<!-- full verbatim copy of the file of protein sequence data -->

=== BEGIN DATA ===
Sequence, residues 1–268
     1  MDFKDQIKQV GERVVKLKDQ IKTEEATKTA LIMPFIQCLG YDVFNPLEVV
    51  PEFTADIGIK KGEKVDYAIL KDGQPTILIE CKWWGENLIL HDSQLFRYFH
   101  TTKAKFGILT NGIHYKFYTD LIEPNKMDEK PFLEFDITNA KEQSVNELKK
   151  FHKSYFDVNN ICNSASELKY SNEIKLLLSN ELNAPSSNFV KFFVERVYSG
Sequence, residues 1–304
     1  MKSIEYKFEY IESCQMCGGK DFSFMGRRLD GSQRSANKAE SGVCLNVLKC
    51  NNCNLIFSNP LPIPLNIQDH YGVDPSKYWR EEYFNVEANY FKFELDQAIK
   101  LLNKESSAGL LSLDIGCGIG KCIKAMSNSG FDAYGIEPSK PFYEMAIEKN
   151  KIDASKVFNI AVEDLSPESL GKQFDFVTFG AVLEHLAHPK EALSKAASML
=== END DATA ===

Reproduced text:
Sequence, residues 1–268
     1  MDFKDQIKQV GERVVKLKDQ IKTEEATKTA LIMPFIQCLG YDVFNPLEVV
    51  PEFTADIGIK KGEKVDYAIL KDGQPTILIE CKWWGENLIL HDSQLFRYFH
   101  TTKAKFGILT NGIHYKFYTD LIEPNKMDEK PFLEFDITNA KEQSVNELKK
   151  FHKSYFDVNN ICNSASELKY SNEIKLLLSN ELNAPSSNFV KFFVERVYSG
Sequence, residues 1–304
     1  MKSIEYKFEY IESCQMCGGK DFSFMGRRLD GSQRSANKAE SGVCLNVLKC
    51  NNCNLIFSNP LPIPLNIQDH YGVDPSKYWR EEYFNVEANY FKFELDQAIK
   101  LLNKESSAGL LSLDIGCGIG KCIKAMSNSG FDAYGIEPSK PFYEMAIEKN
   151  KIDASKVFNI AVEDLSPESL GKQFDFVTFG AVLEHLAHPK EALSKAASML